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Tesla's Anemic April sales, US Lifting Auto Tariffs (?), (+) Nickel, Lithium - SAI Newsletter 18


Covid positives aren't going down so holding firm here in Beijing (BJ) which means kids and parents still online. Let me also emphasize in general terms, we are nowhere near as restricted as Shanghai (SH). There are some neighborhoods and complexes in BJ that have similar SH style lockdowns. Also, restaurants and non-essential businesses are all shuttered as well but general BJ population are still able to get out of their apartments, walk around and receive package, grocery, and food deliveries. Not a real noticeable difference in delivery times either so that’s being managed pretty well so far. Again, so far. As for Shanghai, the lockdowns have just gotten more restrictive again. To the 上海人, I hope that cases turn the corner and that you can get out of your lockdown very soon. Unfortunately, there is no light at the end of any tunnel yet. This is likely to last through the summer and will have negative effects through the rest of this year for China certainly if not the entire world. A decent number of friends are leaving the country if they've not left already. Most say temporarily, but when/if I was able to see them prior to their leaving, I hugged them as if we may not see each other for some time. The folks that haven’t left are all thinking about it, even if they're saying they aren’t. Many folks unfortunately are 'stuck' here - they built their careers here, their networks are here and their companies likely wouldn't help them make that transfer back. So any major move means they'd have to quit and start over which makes it a non-starter for lots. As quickly as Tesla opened up for business is as quickly as they seemed to have to shut down. More details on that in the Tesla section. Please join Lei and me for this week’s live China EVs & More Twitter Spaces room on Thursday, 05.12 – 9pm EST, Friday, 05.13 – 9am China local time. For getting a download on all that’s happening in the space, you've heard of 'MUST SEE TV,' well this is 'MUST LISTEN TO' stuff. Those that aren’t able to join, the China EVs & More podcast is available wherever you grab your podcasts from. Most of our back pods are posted and the descriptions will be able to tell you what we discussed that particular episode. QUOTED Financial Times. I had a brief conversation with Primrose Riordan about BYD’s pollution challenges at their factory in Changsha and the broad sell-off of EVs on the HK markets this week (they've recovered a bit since). Tesla and BYD are the lead dogs in the EV space and they both had major hiccups this week. Analysts and investors get discouraged when the sector leaders trip up. Even if, in BYD’s case, it had nothing to do with COVID and likely a lot to do with the significant demand they’re seeing for their products. Link to the article here. TESLA - Tesla loses production momentum before it even gains any. This was predictable. This IS predictable and not just for Tesla. As long as Shanghai stays in any semi-serious lockdown these types of hiccups are going to happen. Fingers are being pointed at Aptiv (Delphi in a prior life) who supplies wiring harnesses to Tesla Model Ys (MY). That it only affects Made in China (MIC) MYs is a bit strange because there should be tons of overlap on parts for the MY & Model 3 (M3) and one would assume that the wiring harness would be one of the shared parts, so is Tesla just not producing that many MIC M3s? Has demand slowed that much? Or is it something else? - 1,512. That’s how many cars Tesla sold in China in April. Tesla normally back loads domestic sales to the last period of each quarter in order to close orders European in the first two periods. This will change as BerlinGiga ramps of course. Seeing that number alone is not that alarming, but if we dig a layer or two deeper it only produced 10,757 ALL month, compare that to about ~60K it should produce. This isn’t surprising considering almost every automaker was waaay off their normal trajectory due to the pandemic and the havoc it’s wreaking right now in China. With this week’s work stoppage though and parts shortage due to a worker testing (+) at a supplier, getting those lost April units back in May and June could prove challenging. That means playing catchup to their original Master Production Schedule for 2022 the rest of the year. And that likely means 24x7, 7 days/week, 3 shifts/day for the foreseeable future. As long as they can keep those bodies, warm, healthy and free of Covid. THE MOST INTERESTING THINGS THAT HAPPENED THIS WEEK - Rebirth of Volkswagen’s Scout brand for the US market. For those wondering, VW acquired the Scout brand because one of their commercial brands acquired Navistar last year, which owned the Scout trademarks. This is pretty cool and it indicates that VW is going to swallow some pride and rather than force-feed the US consumer products they think it should like, it’s going to the US’s way of thinking and building a product that’s tried and true in a segment that drives auto sales in ‘Murrica. We should give some credit to Diess who looks like he's loosening up the old, staid, centralized decision-making that drove VW Group into a leadership role in global sales but also led to diesel-gate AND it’s recent struggles in China where currently 50% of its profits come from. Looking at this move along with opening a China office for Cariad, management has to see these markets slipping from their grasp and realize that due to digitalization, capable competitors in the EV space from the US (read: Tesla) and China, they might not be able to catch up if they get too far behind. I could see GM (or others) and Tesla overtake them on sales before the end of the decade if they maintain the current path. This ‘come to Jesus’ moment for the 2nd largest automaker in the world means that they need to make these decisions pay off BIG. Whether they can design an SUV or truck that can really compete with GM, Ford, or Ram remains to be seen (I doubt it) but they're starting to get more outside of their comfort zone. And I tell my boys, that's where growth happens and for VW that's needs to be in the literal sense. - Car import tariffs on the way out? In order to fight inflation, the Biden administration is considering getting rid of of Trump administration tariffs set on a number of products imported from China. There is currently a 27.5% tariff on vehicles imported from China set back in 2018 so that could be lifted as well. One major reason the Chinese EV startups all decided to enter Europe first was that the tariff would've made their products uncompetitive vs. non-Chinese made EVs and they weren't ready to fight that uphill battle. If the tariff was lifed, this would likely change alot of the calculus for those same companies, it would have to. They will be waiting intently on what Biden's final decision will be. And expect a march of Chinese brands hurriedly hiring staff to support entry into the US market if the tariff is ultimately lifted. Believe me here. IN THE NEWS - Are large infotainment screens in vehicles just a passing fancy? According to a couple of European designers they are and that the era of large screens will soon fade. I am not so sure about that though because in many western vehicles, there’s still the little low res infotainment screens that do little more than tell you the temp your aircon is running at, what song you’re playing, and the direction you’re going. There was a #FOMO moment on 'coast to coast' screens that started with Byton, continues with numerous Chinese EV startups, and Merc with the top end EQS. What these fellas are forgetting is that the people they’re designing for are getting older and are becoming smaller, less relevant portion of the market while the people they SHOULD be designing for ‘live’ with a screen in their pocket, on their desk, or in their lap and it connects everything they do together into one, seamless experience. This SHOULD be who they're designing for anyway. I wonder if there is also a little UX envy? Traditional automotive designers are used to designing for discreet actions, it's what they're great at. Opening a window, turning on the lights or windshield wipers, etc. Many of them don't have a ton of experience with UX design. It's NOT the same. So they can design beautiful cars with a bunch of knobs, switches and buttons but can they design compelling user experiences utilizing a screen and just a handful of buttons? From the early returns in China for VW, BMW & Polestar’s sales, maybe not. As my good friend and co-host of China EVs & More Lei Xing recently stated, premium is being redefined by the Chinese EV startups so maybe those European designers should sit back and take some notes. - Is the US looking to restrict access to chipmaking equipment to a broader set of Chinese companies? It seems that they’re at least kicking the tires on this new policy. The Commerce dept really needs to take a step back though because any move to restrict raw materials or capital equipment could also harm US firms as well, those that operate fab’s and factories in China. When supply is already tight and prices are pushing higher, this will only make both of those issues worse and make folks on this side of the world pretty upset. TRENDING ON SOCIAL MEDIA - The iPod is dead. LONG LIVE THE IPOD! After an EPIC 21 year run, the folks at Apple are pulling the plug on the iPod Touch. What a GAMECHANGING product. There were already other MP3 players out there before the iPod was launched, some were even pretty expensive, fancy with larger hard drives. But as I’ve stated many times before, Apple will not be the first to market with many products but they’ll likely be the best and that was the case here. The scroll wheel was revolutionary. Prior to the first time ever picking one up, it was my bro’s BTW who I thought had wasted his money, I didn’t know what to expect. What I found was this beautiful, clean, simple, hefty machine that made finding music on an MP3 kinda fun. And it was back then that the white, corded earbuds became synonymous with the ‘I’m cooler than you when I listen to music’ attitude. We haven’t even talked about all of the derivatives that were offshoots of the OG iPod including the iPhone. And it’s appropriate that just last week, Tony Fadell, the inventor of the iPod launched his book ‘Build’ with stories of his time at both Apple and Nest, two iconic Silicon Valley product companies. So take a moment to celebrate that time you first picked up an iPod - you remember, it was probably one of the last times you thought to youself - 'Damn, this thing is pretty sweet!' Just clicked 'buy' BTW so I'll have one of the last ones myself. - Ola Electric, maker of electric scooters …and automobiles now too? Founder and CEO of Ola Electric, Bhavish Aggarwal announced that Ola is getting into autonomous, 4-wheeled vehicles and gave himself two years to get one on the road. Ambitious. But doubt him at your own risk. Bhavish and Ola gained notoriety by launching one of India’s first Uber-like ridehailing services, Ola Cabs. Then Bhavish (very) recently pivoted to designing & manufacturing electric Niu and Gogoro style electric mopeds - Ola Electric. When I say recently I mean they just started shipping in January. It's not without it's challenges and I mean battery fires. I wish him luck for sure! The more the merrier. What he’ll find out soon enough is that raising the capital and physically building one EV won’t be the issue… - For my Bay area friends: Get in line for these noodles or if you’ve tried them let me know how they taste. Loawai Noodles is BACK BABY! One of my favorite noodle dishes in the world is the 兰州面 or Lanzhou noodles and it seems William Do is making a variation of it in SF. It seems that a few people really liked it. So much so that he has about 4K people waiting for theirs! So he backed away and chilled for a bit to think through if this was a move he wanted to make. After about 8 months of thought and travel he’s back in it and this time he’s in it to win it. As you all know, I’ve not been outside China in over 2 years so I need to rely on YOU all to tell me whether these noodles are just hype or if they live up to those mountain high expectations? And remember where I live, so I can get some of the best tasting 面 in <1 hr for about $5! I expect a report back from (you know who you are) soon! GET SMARTER - Stellantis head Tavares says that there’s not enough raw materials for all of the cars that the global automakers want to manufacture over the next several years. He’s probably correct. Lei and I had the pleasure of hosting one of the battery sector’s leading journo’s and talk about raw material availability and pricing came up. His back of the envelope calculation pointed to a shortfall of lithium AND nickel if all legacy automakers hit their production targets in 2025. And this wasn't including any production from China yet! Most automakers will NOT hit their targets but if you’ve noticed recently that's not stopped most of them from scrambling to secure said supply of raw materials so that they can set themselves up for the possibility of producing as many as they’re boasting they’ll sell in 5-7 years. What does this all mean? It means that the combination of high demand and low supply will push up the pricing of those raw materials making the holy grail of clean energy transportation - the <$25K EV - an unlikely target to hit this decade. If you want to listen to what else we discussed, tune in and stay tuned, we will be posting it in the next day or so. Oh and we had such an interesting discussion, we’ll be breaking it up into 2 parts! - Is the US market a more attractive place to invest in growth than China? According to a survey by the European Chamber of Commerce and Roland Berger, because of the Russian invasion of Ukraine and China’s seemingly endless war to get to Covid Zero, potentially YES! The US seems more stable with more growth potential. Growth potential I see but the stability is a headscratcher since we had an insurrection just over a year ago. But I guess it shows you what those surveyed think of the war and China's management of Covid! This dovetails with VW boss Diess stating that one of VW’s priorities is to invest and grow from their miniscule 5% share VW barely holds of the US auto market. I’ve lived in China too long to think this is a done deal. The market is too big and lucrative so It’ll depend on how long both the invasion & the battle for Covid Zero lasts, but I do sense a pretty significant change in sentiment from my foreign friends, the one’s that can leave anyway. BY THE NUMBERS - 41%: That’s how much passenger car production fell in April from a year ago here. And it’s going to take a while to dig out of that hole. That’s after we can get to Covid Zero ...whenever that is. —— This weekly newsletter is a collection of articles we feel best reflect the happenings of the week or important trends that have effects on the automotive and mobility sectors here and in the US, we also provide a point of view that we hope educates and sparks debate. The Sino Auto Insights Team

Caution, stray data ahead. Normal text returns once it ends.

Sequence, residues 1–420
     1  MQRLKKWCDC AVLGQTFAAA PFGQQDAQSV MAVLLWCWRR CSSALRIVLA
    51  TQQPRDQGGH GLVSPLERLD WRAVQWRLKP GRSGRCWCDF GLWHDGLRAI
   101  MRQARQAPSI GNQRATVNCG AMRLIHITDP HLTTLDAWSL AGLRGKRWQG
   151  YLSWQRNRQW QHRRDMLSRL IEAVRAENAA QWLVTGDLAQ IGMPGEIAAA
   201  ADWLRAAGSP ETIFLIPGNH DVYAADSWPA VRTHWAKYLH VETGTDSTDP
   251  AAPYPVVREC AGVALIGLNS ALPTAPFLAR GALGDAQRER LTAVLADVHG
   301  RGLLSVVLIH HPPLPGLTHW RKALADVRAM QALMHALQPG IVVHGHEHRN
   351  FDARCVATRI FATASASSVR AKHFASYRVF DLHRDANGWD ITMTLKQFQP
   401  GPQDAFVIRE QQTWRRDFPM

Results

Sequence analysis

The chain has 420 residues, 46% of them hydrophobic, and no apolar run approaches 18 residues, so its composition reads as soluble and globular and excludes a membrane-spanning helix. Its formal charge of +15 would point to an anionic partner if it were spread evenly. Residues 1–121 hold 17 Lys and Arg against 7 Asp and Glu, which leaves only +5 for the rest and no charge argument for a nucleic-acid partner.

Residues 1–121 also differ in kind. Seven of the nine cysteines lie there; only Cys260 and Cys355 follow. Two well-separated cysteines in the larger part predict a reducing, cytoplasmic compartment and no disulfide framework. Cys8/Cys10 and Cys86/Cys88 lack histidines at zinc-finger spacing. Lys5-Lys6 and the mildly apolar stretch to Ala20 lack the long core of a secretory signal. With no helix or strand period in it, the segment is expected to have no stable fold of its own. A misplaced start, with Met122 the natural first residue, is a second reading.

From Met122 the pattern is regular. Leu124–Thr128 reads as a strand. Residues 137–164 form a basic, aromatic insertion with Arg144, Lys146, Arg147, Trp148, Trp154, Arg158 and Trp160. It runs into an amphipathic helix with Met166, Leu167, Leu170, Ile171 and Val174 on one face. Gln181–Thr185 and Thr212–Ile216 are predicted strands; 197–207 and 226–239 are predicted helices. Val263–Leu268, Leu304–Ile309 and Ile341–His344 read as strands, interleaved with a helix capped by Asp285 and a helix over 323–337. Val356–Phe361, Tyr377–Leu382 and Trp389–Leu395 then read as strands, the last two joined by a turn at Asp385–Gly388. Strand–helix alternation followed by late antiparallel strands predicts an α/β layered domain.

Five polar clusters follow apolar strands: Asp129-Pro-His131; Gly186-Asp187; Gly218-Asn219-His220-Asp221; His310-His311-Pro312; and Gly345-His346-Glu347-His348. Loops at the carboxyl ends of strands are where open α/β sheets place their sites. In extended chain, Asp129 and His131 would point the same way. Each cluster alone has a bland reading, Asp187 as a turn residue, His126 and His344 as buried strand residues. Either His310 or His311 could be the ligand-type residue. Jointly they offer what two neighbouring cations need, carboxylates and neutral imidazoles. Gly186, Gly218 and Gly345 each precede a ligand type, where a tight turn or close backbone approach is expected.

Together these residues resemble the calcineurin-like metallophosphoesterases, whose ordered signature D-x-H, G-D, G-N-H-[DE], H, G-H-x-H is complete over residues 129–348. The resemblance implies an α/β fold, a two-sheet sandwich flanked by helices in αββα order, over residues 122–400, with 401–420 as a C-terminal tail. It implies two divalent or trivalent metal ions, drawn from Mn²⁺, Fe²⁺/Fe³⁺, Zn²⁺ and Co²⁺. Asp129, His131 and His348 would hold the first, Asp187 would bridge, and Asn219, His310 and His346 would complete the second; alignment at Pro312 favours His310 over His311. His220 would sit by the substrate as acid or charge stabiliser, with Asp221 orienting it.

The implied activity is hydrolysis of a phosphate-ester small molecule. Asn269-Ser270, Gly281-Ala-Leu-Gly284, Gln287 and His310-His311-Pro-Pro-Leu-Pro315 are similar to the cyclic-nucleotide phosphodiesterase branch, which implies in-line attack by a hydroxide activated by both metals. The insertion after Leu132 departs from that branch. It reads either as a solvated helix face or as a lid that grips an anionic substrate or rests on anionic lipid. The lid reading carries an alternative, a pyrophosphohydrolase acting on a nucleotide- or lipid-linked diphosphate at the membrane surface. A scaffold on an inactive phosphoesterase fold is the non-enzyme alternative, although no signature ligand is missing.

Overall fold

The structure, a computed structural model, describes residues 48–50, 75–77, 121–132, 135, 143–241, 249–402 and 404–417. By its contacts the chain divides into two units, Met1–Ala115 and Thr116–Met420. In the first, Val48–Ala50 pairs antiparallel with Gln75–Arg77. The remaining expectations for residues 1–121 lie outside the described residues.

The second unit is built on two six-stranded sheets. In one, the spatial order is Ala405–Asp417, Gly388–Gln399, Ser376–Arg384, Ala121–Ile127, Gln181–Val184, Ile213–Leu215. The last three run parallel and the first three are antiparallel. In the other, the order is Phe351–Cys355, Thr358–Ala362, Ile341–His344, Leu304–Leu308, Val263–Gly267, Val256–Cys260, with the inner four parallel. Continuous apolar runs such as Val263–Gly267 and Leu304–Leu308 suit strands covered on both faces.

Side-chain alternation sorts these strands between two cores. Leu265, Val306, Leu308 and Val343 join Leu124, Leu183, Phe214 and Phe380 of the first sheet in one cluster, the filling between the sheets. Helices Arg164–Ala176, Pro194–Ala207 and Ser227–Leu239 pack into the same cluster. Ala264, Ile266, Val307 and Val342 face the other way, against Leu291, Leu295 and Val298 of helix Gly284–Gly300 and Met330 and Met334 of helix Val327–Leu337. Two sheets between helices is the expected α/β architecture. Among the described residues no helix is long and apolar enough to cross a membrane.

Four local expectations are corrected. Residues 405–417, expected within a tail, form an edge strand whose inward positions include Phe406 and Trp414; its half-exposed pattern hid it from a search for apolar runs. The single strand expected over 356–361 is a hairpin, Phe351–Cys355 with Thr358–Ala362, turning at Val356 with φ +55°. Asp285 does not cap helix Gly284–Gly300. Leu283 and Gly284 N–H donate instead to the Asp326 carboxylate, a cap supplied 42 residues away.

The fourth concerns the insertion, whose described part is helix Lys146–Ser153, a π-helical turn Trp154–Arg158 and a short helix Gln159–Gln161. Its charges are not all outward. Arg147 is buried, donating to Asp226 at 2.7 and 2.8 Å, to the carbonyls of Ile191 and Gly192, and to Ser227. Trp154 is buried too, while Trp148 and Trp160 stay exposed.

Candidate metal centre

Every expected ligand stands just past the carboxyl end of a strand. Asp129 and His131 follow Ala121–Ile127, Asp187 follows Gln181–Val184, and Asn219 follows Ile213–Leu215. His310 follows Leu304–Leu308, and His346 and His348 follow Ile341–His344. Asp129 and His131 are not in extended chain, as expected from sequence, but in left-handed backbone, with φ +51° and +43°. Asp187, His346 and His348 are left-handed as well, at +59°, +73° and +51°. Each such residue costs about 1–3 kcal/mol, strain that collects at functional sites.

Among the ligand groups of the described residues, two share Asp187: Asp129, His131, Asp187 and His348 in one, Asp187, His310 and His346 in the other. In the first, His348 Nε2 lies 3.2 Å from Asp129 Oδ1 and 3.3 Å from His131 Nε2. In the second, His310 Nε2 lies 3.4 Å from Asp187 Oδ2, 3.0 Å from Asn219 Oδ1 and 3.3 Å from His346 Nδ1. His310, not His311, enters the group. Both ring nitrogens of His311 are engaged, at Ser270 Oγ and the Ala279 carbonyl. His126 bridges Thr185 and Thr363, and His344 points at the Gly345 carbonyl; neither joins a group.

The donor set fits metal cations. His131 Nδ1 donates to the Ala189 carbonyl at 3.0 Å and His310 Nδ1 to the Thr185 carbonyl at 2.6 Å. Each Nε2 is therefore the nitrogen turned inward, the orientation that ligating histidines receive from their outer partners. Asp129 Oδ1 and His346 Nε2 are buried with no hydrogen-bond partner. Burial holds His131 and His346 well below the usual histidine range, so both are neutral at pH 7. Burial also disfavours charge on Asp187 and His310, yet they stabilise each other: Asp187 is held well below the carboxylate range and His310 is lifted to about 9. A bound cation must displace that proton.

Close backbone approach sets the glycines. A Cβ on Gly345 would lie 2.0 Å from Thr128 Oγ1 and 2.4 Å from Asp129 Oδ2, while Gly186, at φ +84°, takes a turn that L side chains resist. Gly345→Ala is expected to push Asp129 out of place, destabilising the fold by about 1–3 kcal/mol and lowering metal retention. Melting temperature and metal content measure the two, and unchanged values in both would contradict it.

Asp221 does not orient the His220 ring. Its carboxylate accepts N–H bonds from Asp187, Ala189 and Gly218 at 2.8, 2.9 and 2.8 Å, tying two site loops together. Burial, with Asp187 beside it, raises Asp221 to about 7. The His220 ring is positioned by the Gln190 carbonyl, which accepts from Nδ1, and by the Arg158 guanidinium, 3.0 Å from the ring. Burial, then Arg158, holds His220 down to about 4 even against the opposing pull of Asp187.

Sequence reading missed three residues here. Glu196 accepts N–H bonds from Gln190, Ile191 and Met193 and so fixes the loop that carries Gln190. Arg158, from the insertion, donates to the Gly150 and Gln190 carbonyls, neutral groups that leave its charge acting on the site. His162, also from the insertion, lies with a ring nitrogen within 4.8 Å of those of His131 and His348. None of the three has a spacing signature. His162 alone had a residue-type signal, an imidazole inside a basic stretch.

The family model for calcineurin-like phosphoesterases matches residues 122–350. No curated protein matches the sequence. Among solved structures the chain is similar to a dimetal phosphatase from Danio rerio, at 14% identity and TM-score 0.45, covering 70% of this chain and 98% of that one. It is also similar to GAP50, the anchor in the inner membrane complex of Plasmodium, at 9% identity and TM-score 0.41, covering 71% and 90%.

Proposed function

Sino Auto Insights is a Beijing, China-based market research and advisory firm that specializes in assisting companies analyze, strategize, and develop products and services that will shape the future of mobility and transportation. Members of our team have experience working in Detroit, Silicon Valley as well as here in China across multiple sectors and functions as entrepreneurs as well as working at larger companies like Apple, Google, Amazon, GM and FCA, and many others.